Sometimes removing all the extraneous junk from a composition makes it easy to see. All it takes is a piece of cardboard and an Xacto knife.
Photographers and art directors in pre-Photoshop days would figure out how to crop a photo by setting it on a lightbox and covering up the edges with paper/cardboard/whatever. I was fascinated by it; a half-inch of concealment could turn a bad photo into a great image.
Why not apply the same technique to glass?
I do that when I’m working with flat part sheets I want to cut up and turn into pendants, or components in a larger work. Since glass STILL doesn’t come with an undo button (Bullseye, you need to get on that right away), it’s a fast way to see what you’re going to get before the cutter touches the glass. In the example above, I’m doing it with frit-sandwiched glass sheets.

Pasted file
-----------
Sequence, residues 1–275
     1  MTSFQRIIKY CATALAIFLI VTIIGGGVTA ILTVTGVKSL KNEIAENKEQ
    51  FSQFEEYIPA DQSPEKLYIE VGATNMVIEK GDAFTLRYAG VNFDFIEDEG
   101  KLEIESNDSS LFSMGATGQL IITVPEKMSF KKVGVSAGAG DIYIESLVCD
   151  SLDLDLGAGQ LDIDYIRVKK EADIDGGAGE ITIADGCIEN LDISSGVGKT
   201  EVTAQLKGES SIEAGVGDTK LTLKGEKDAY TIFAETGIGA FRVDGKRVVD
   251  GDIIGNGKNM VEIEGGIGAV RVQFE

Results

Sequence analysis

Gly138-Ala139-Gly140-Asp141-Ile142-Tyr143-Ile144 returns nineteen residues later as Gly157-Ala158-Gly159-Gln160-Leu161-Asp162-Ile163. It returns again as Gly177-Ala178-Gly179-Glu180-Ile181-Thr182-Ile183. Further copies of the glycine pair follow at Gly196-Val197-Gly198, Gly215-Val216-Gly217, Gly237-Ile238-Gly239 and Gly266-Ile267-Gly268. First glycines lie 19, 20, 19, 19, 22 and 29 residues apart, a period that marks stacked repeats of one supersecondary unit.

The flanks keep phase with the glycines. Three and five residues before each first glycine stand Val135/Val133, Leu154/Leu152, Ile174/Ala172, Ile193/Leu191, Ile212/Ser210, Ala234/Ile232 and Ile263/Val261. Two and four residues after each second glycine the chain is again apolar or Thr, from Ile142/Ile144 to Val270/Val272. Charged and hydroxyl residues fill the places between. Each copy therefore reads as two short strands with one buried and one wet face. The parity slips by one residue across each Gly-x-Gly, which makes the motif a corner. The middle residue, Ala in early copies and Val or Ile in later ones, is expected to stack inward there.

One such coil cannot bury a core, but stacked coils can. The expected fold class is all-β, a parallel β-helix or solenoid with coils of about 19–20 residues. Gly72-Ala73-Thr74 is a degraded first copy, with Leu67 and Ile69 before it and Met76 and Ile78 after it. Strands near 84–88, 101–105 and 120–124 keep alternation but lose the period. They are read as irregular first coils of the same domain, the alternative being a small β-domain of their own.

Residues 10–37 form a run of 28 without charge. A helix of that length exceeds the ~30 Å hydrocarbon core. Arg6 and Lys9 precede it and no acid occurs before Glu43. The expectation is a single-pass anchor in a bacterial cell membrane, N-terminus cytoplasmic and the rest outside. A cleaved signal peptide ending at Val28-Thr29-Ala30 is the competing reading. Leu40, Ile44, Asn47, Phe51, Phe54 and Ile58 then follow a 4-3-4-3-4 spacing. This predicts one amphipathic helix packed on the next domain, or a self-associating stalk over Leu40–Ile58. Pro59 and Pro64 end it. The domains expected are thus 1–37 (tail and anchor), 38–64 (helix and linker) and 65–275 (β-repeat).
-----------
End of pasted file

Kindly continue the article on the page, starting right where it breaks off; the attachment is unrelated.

It ain’t exactly rocketscience: Get a sheet of cardboard (or, if you want permanent template, masonite or wallboard). Draw the shapes you need, get an Xacto knife and cut them out.
All you have to do now is position your homemade template on the glass, and move it around until something strikes your fancy. Then outline the window with a Sharpie marker, and make your cuts. Voila.
This is also a nice way to quickly sketch shapes when you need a LOT of cutouts, although for that you may want to make your template in clear vinyl. It makes it easier to see where you’ve been.